1960.""you don't say so." "i call it a very serious thing, eh?" "good-evening, mr. cunningham.""good-evening, mr. bast." then leonard entered block b of the flats,and turned, not upstairs, but down, into what is known to house agents as a semi-basement, and to other men as a cellar. he opened the door, and cried "hullo!" withthe pseudo-geniality of the cockney. there was no reply."hullo!" he repeated. the sitting-room was empty, though theelectric light had been left burning. a look of relief came over his face, and heflung himself into the armchair.
the sitting-room contained, besides thearmchair, two other chairs, a piano, a three-legged table, and a cosy corner. of the walls, one was occupied by thewindow, the other by a draped mantelshelf bristling with cupids. opposite the window was the door, andbeside the door a bookcase, while over the piano there extended one of themasterpieces of maud goodman. it was an amorous and not unpleasant littlehole when the curtains were drawn, and the lights turned on, and the gas-stove unlit. but it struck that shallow makeshift notethat is so often heard in the modem
dwelling-place.it had been too easily gained, and could be relinquished too easily. as leonard was kicking off his boots hejarred the three-legged table, and a photograph frame, honourably poised uponit, slid sideways, fell off into the fireplace, and smashed. he swore in a colourless sort of way, andpicked the photograph up. it represented a young lady called jacky,and had been taken at the time when young ladies called jacky were often photographedwith their mouths open. teeth of dazzling whiteness extended alongeither of jacky's jaws, and positively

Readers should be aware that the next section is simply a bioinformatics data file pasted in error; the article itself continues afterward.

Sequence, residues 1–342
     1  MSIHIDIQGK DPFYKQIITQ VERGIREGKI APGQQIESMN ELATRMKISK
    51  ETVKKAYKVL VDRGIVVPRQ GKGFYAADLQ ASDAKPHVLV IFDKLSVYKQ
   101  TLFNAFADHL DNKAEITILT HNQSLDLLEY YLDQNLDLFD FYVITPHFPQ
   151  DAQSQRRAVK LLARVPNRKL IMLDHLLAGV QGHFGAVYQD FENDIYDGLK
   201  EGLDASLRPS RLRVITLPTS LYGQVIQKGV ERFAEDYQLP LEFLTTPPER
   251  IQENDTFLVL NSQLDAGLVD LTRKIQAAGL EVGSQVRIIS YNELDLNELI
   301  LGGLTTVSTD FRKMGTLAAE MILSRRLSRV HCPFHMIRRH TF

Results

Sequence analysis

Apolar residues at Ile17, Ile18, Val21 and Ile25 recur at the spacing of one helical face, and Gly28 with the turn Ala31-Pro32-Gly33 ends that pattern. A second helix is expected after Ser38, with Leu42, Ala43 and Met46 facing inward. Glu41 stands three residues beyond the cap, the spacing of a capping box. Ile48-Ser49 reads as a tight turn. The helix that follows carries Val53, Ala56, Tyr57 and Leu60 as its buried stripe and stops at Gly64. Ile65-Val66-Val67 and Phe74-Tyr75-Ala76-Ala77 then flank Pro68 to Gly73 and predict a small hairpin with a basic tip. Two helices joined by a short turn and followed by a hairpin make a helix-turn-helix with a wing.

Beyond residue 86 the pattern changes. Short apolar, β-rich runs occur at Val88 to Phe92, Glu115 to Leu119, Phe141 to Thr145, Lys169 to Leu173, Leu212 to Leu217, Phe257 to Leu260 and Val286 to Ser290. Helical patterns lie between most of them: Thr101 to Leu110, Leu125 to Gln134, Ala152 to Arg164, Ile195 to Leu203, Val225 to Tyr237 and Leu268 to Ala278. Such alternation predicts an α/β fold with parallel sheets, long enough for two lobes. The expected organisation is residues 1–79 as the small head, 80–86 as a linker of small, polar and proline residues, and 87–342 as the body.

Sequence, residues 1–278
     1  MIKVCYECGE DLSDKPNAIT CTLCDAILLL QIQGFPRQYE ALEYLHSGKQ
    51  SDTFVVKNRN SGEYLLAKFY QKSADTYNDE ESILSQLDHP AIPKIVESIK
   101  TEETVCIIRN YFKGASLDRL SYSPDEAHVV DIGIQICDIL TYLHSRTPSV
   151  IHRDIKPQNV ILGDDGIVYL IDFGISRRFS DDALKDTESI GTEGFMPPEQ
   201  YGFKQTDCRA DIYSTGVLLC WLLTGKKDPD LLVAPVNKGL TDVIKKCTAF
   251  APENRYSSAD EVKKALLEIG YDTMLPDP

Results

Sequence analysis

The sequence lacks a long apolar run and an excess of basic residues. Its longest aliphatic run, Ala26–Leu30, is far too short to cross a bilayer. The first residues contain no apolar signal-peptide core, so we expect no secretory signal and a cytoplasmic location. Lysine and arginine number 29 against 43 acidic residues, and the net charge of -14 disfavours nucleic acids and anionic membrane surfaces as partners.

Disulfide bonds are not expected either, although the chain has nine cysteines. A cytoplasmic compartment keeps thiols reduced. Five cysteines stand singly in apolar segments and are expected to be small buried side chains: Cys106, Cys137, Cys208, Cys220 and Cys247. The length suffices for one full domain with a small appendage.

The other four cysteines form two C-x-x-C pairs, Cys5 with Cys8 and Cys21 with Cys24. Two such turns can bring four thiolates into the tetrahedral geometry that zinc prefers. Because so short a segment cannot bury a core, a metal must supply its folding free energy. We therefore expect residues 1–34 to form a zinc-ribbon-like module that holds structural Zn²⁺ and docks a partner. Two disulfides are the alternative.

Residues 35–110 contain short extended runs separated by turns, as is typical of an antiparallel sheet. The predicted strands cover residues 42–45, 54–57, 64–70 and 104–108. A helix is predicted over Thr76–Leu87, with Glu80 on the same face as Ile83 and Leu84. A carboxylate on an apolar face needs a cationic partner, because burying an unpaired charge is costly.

weighted her head sideways, so large werethey and so numerous. take my word for it, that smile was simplystunning, and it is only you and i who will be fastidious, and complain that true joybegins in the eyes, and that the eyes of jacky did not accord with her smile, butwere anxious and hungry. leonard tried to pull out the fragments ofglass, and cut his fingers and swore again. a drop of blood fell on the frame, anotherfollowed, spilling over on to the exposed photograph.he swore more vigorously, and dashed to the kitchen, where he bathed his hands. the kitchen was the same size as thesitting room; through it was a bedroom.